Sunday, June 21st, 2020
Camponotus (Camponotus) pennsylvanicus
So, two weeks ago today (Sunday, June 21st, 2020) I went anting in a local patch of woods in a park, which can be accessed through residential streets, sidewalks, etc. I usually ant in a little patch of woods with overgrown trails, where no one ever goes. The woods are light there, making navigation easy enough, yet it's dense enough so that forest dwelling ants love it there. So, I there I was, flipping over rocks, searching for any colonies underneath. I wasn't having much luck, as the only colony I had caught was a small Myrmica colony, who's container accidentally got knocked over after only fifteen minutes or so of possessing them, allowing the queen to escape. However, as I exited the woods, looking down into a small ravine (drainage system, with view of road and residential neighborhoods on the other side), I flipped over a rock, and Camponotus pennsylvanicus workers of all shapes and sizes came rushing out! I quick scooped them into a container, hoping the queen was there. Unfortunately she wasn't, and I was a little discouraged, thinking the queen was either deep underground, or that was a satellite nest. However, when I flipped over the rock adjacent to it, more workers were present, along with a very fat queen! I quick scooped up the queen into the container, and tried to catch as many workers as I could before heading home. Over all, I managed to get over 100 workers, a good percentage of the colony. I then placed them into a huge plastic storage bin, which I would have otherwise used as an outworld. I placed in some wood chips and cotton, and watered it every day or two. The setup is in my garage. It's temporary, as they have a THA 'Station' formicarium on the way. So then, much to my surprise, when I looked into their enclosure the next day, the queen had been busy laying eggs overnight! I counted around 50. Over the next few days, she laid somewhere between 100 and 200 eggs, which will double the population. As of now, the queen is skinnier than an unmated alate, and is taking an egg laying break. However, the eggs have been hatching into small larvae in the past couple days! They are hardly distinguishable from eggs, yet some have tiny larva-like heads. A couple days ago I also gave them a test tube, which they partially moved into.
Majors, minors, and eggs:
More majors and minors:
Majors, minors, queen:
That same day, a Camponotus pennsylvanicus alate landed on my deck. I immediately made a test tube setup for her. For the first few days, she just sat at the end of the tube, doing absolutely nothing. I assumed she was an unmated dud. She didn't even bother to drop her wings! However, one day, I peeked in, to see that she had both dropped her wings AND laid a couple eggs! Over the next week, she laid close to 15 eggs! She is the most productive queen of this species I have ever seen both in my experience and online. But since I already have a large colony of this species, I may give her away if I manage to bring someone into the hobby. But I will be keeping her for a long, long time yet, so I figured I might as well include her!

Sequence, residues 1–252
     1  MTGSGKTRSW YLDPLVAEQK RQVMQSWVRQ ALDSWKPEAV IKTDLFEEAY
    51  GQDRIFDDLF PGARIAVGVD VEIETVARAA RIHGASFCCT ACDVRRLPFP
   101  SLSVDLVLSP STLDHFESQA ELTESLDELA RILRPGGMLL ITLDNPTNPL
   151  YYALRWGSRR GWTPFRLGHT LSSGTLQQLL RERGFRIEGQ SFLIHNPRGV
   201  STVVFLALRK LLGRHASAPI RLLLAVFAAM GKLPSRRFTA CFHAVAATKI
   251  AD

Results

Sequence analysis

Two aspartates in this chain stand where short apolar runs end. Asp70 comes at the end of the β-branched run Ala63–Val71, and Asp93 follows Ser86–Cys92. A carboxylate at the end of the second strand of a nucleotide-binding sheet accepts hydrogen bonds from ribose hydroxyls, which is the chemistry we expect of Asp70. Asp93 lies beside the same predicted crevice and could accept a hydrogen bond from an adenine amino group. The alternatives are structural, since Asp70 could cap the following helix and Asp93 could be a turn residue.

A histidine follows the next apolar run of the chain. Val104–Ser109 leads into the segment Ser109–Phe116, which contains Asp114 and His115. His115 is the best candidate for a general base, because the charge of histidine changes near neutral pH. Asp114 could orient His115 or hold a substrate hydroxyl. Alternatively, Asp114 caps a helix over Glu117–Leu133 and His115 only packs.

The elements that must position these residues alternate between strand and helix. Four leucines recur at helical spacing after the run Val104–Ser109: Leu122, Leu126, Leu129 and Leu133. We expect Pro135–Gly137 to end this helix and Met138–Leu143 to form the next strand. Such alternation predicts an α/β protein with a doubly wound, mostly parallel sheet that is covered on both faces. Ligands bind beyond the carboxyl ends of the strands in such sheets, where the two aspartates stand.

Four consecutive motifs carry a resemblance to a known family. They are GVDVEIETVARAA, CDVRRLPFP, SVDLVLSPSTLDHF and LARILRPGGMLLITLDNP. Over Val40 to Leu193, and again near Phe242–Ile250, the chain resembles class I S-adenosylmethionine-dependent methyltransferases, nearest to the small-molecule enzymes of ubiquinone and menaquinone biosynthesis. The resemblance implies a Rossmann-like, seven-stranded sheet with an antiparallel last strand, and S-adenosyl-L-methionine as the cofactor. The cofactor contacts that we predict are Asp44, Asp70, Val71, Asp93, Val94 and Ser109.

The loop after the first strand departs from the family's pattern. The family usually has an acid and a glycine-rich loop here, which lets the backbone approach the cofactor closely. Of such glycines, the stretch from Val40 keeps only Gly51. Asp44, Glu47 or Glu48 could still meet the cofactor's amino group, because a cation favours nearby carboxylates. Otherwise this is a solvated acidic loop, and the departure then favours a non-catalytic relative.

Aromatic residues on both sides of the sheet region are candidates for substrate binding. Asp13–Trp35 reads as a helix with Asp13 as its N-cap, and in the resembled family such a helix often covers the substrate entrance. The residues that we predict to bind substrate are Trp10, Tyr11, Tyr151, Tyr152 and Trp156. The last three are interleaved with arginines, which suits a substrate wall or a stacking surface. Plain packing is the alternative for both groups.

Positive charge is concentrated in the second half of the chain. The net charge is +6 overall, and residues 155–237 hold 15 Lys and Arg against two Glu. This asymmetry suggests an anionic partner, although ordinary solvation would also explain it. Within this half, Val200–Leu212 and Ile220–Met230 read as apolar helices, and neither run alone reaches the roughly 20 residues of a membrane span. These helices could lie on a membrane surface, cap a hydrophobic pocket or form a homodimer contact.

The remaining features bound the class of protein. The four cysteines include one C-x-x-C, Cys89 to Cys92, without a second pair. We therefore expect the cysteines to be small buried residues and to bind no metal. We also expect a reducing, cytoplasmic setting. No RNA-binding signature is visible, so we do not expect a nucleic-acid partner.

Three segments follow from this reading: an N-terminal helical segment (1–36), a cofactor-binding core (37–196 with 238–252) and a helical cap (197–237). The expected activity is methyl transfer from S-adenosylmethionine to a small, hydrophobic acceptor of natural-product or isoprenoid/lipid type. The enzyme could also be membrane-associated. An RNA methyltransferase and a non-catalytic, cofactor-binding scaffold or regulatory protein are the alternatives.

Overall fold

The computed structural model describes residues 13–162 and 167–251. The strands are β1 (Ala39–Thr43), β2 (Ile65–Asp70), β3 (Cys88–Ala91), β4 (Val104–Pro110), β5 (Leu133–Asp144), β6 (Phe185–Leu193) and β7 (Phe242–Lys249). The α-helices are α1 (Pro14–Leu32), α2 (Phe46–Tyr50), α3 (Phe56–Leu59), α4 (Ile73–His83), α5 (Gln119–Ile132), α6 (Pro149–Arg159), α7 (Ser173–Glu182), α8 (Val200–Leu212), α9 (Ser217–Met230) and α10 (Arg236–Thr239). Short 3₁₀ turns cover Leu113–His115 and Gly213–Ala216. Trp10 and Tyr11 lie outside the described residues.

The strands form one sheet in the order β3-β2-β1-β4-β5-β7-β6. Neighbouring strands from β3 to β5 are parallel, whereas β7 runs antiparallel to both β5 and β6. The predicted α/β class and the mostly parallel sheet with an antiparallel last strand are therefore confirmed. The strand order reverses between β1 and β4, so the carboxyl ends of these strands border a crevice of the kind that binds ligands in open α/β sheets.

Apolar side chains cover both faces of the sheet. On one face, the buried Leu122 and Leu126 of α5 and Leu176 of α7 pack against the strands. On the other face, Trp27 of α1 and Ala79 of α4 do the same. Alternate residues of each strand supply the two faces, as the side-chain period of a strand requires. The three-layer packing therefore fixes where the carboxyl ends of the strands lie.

The queen had just recently began her egg laying spree. As previously mentioned, she has 15ish eggs at the moment, while in the photo she still only had 4. (This is probably the best photo I've ever taken of an ant, by the way)
Camponotus (Tanaemyrmex) vicinus
Ants_Dakota recently went on vacation to South Dakota's Black Hills, which is probably the most diverse area ant wise in the state. He caught many queens and colonies, mostly Camponotus. So, I managed to get my hands on the two vicinus queens he caught while flipping over rocks (they were caught under different rocks at different times). I told him to put them together, as I've always wanted a polygynous colony of this species. It was an experiment, testing to see whether our variety are polygynous. Well, it turns out they are! They huddled together and groomed each other in their collection container, and showed/continue to show great affection toward one another. I like this particular pair, as they slightly vary in size and color, making them easy to tell apart. Queen 1 is slightly larger and bulkier, and has a stunning, metallic orange/red color at the tip of her gaster, and over some of her thorax. Queen 2 is a bit smaller, and has that same orange/red, but only on the thorax, and in lesser quantity. So, as of now, the pair is in a tight competition with my pennsylvanicus queen in terms of number of eggs. They also have around 15. However, their eggs are slightly larger and noticeably rounder and a slightly different color than other Camponotus. I believe they are in subgenus Tanaemyrmex, correct me if I'm wrong, so that's probably why. My other Camponotus are in the subgenus Camponotus.
Camponotus (Camponotus) novaeboracensis
Ants_Dakota caught three of these in the Black Hills. He kept two and sold one to me. She currently has 7 eggs. I heard somewhere once that this species grows slightly faster than pennsylvanicus? I'm excited for this queen, if so.
This is where any other information partially or fully relevant to this journal but not relevant to any specific colony in this journal will be posted. There are no additional notes for this update.
Edited by AntsDakota, August 19 2020 - 6:45 AM.